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Electoral system in spotlight


OTTAWA—Democratic Institutions minister Maryam Monsef concedes Canada’s first-past-the-post electoral system has its advantages.

And, whatever its flaws, she acknowledges it would be welcomed in fledgling democracies like Afghanistan, from whence she fled as a youngster.

But a mature democracy like Canada can do better, she adds.

Monsef has been put in charge of delivering on Prime Minister Justin Trudeau’s pledge to make last fall’s federal election the last conducted under FPTP.

The objective, she says, is to engage voters, improve turnout during elections, and make all Canadians feel like their votes count.

That means “a stronger democratic system that allows for a higher voter turnout, that engages the voices of those who at the moment feel like they’re ignored, those who feel like their issues don’t matter, and that their hopes and aspirations don’t count,” Monsef said in an interview.

“We have an opportunity, with this government as we approach the 150th anniversary [of Confederation], to strengthen and modernize our democratic institutions and bring them into the 21st century, and that is the mandate that we got from Canadians,” she noted.

Monsef has used the mandate argument to deflect Conservative demands for a Canada-wide referendum on whatever electoral reform eventually is recommended by a soon-to-be-constituted, special all-party committee.

In the interview, she continued to throw cold water on the referendum idea but didn’t absolutely rule it out.

“We need to consider different ways of voting, yes, but we also need to consider online voting, we also need to consider mandatory voting,” Monsef remarked.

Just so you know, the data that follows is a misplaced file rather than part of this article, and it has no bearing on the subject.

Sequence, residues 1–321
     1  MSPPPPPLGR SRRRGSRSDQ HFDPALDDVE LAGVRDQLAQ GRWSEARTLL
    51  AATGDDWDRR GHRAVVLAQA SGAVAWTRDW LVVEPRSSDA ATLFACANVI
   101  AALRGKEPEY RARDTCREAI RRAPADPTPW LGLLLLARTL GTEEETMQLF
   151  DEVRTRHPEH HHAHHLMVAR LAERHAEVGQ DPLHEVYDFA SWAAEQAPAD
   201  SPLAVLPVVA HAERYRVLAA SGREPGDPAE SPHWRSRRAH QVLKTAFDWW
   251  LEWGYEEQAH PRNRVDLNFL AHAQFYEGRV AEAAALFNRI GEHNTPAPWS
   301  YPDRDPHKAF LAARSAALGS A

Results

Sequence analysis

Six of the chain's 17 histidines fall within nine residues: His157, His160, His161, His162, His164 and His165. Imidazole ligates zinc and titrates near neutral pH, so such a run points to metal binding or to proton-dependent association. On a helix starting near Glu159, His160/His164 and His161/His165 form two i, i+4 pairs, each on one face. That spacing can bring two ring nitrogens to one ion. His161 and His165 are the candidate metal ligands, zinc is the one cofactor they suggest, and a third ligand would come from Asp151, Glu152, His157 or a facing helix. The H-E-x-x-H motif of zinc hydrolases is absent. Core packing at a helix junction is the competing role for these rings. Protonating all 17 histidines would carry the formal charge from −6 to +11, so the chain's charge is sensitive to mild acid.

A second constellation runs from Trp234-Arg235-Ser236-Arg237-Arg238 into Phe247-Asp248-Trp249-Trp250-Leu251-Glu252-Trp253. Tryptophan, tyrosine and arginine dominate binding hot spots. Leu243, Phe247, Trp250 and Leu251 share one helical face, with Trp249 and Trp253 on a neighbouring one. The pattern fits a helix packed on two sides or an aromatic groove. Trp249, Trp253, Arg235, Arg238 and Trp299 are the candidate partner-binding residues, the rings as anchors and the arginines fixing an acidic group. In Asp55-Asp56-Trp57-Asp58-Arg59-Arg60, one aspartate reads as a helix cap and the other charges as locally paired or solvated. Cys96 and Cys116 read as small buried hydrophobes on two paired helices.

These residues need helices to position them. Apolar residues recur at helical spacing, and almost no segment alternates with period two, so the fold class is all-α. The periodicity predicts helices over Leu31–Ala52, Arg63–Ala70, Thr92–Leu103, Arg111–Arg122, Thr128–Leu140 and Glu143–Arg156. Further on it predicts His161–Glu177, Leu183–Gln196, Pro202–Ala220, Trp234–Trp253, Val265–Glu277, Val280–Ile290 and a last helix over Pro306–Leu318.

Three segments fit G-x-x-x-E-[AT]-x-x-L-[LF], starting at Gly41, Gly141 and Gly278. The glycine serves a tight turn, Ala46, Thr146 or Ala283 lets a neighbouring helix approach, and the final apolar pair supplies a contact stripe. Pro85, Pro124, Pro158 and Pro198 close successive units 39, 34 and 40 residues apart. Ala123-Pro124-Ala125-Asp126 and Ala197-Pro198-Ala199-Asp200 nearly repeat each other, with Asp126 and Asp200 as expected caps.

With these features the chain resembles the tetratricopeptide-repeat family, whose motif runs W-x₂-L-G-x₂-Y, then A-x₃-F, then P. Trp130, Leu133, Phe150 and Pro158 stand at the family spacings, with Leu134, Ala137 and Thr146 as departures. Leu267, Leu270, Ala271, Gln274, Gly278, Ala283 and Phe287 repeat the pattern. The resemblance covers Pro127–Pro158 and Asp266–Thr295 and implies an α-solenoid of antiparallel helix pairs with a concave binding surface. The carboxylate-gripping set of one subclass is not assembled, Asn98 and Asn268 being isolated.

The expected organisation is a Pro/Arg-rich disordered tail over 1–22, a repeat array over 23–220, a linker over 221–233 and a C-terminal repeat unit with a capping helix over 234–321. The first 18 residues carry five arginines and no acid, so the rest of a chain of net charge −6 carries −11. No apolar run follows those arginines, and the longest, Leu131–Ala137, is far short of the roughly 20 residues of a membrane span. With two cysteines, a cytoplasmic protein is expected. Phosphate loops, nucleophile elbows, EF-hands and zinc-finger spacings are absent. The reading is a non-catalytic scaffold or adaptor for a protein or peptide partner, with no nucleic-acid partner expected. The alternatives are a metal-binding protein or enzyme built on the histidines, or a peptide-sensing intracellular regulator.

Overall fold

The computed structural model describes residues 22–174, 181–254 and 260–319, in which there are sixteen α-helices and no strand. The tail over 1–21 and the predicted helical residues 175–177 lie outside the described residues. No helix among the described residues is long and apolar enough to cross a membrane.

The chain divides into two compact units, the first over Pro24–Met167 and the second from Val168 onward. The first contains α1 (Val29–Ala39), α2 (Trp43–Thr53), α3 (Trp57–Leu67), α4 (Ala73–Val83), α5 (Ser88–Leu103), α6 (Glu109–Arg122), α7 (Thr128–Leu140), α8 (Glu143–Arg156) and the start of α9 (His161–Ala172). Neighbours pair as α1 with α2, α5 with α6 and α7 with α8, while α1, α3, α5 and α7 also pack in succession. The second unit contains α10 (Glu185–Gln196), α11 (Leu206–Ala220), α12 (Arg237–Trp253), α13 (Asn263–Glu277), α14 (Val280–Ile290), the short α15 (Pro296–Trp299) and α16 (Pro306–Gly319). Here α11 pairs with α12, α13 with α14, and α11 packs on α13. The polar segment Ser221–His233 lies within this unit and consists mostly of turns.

“There are some who suggest that we need to consider the voting age. . . .

“So, to reduce this national conversation to a simple ‘Yes’ or ‘No’ is taking a short-cut and doing a great disservice to Canadians and to this incredible opportunity we have here to engage Canadians.”

Still, Monsef said she’s “not ready to commit” to a categorical rejection of a referendum.

In the meantime, she said the all-party committee can decide for itself how to conduct broad consultations with Canadians.

She’ll be conducting her own extensive consultations at the same time.

Referendums have shot down electoral reform proposals in B.C., Ontario, and P.E.I.

On a national scale, a referendum would be even more difficult, with any proposal having to garner signficant support in all regions, if not all provinces.

Some polls have suggested Canadians aren’t particularly keen on changing the familiar FPTP system, in which the candidate who wins the most votes in a riding wins the seat—frequently with considerably less than 50 percent of the vote.

But Monsef scoffed at the suggestion that all her consultations might produce a consensus to stick with the status quo.

“Our entire campaign platform was based on the conversations that the prime minister had across the country for years and so . . . we heard Canadians and we developed a set of proposals accordingly,” she noted.

The Conservatives have accused Trudeau of planning to rig the system to ensure Liberal election victories in perpetuity.

Trudeau previously has expressed a personal preference for a ranked ballot system, in which voters rank their preferences and trailing candidates’ second choices are counted until one emerges with more than 50 percent of the vote.

Conservatives contend that would favour the centrist Liberals, who are most likely to be the second choice of other parties’ supporters.

However, Monsef noted Trudeau specifically has asked her to explore all options, including various models of proportional representation.

And she said one of the reasons he chose her to lead on the file is precisely because she has “no preconceived notions.”

“I have no preference and it’s quite liberating to bring that level of objectivity to a file like this one,” Monsef noted.

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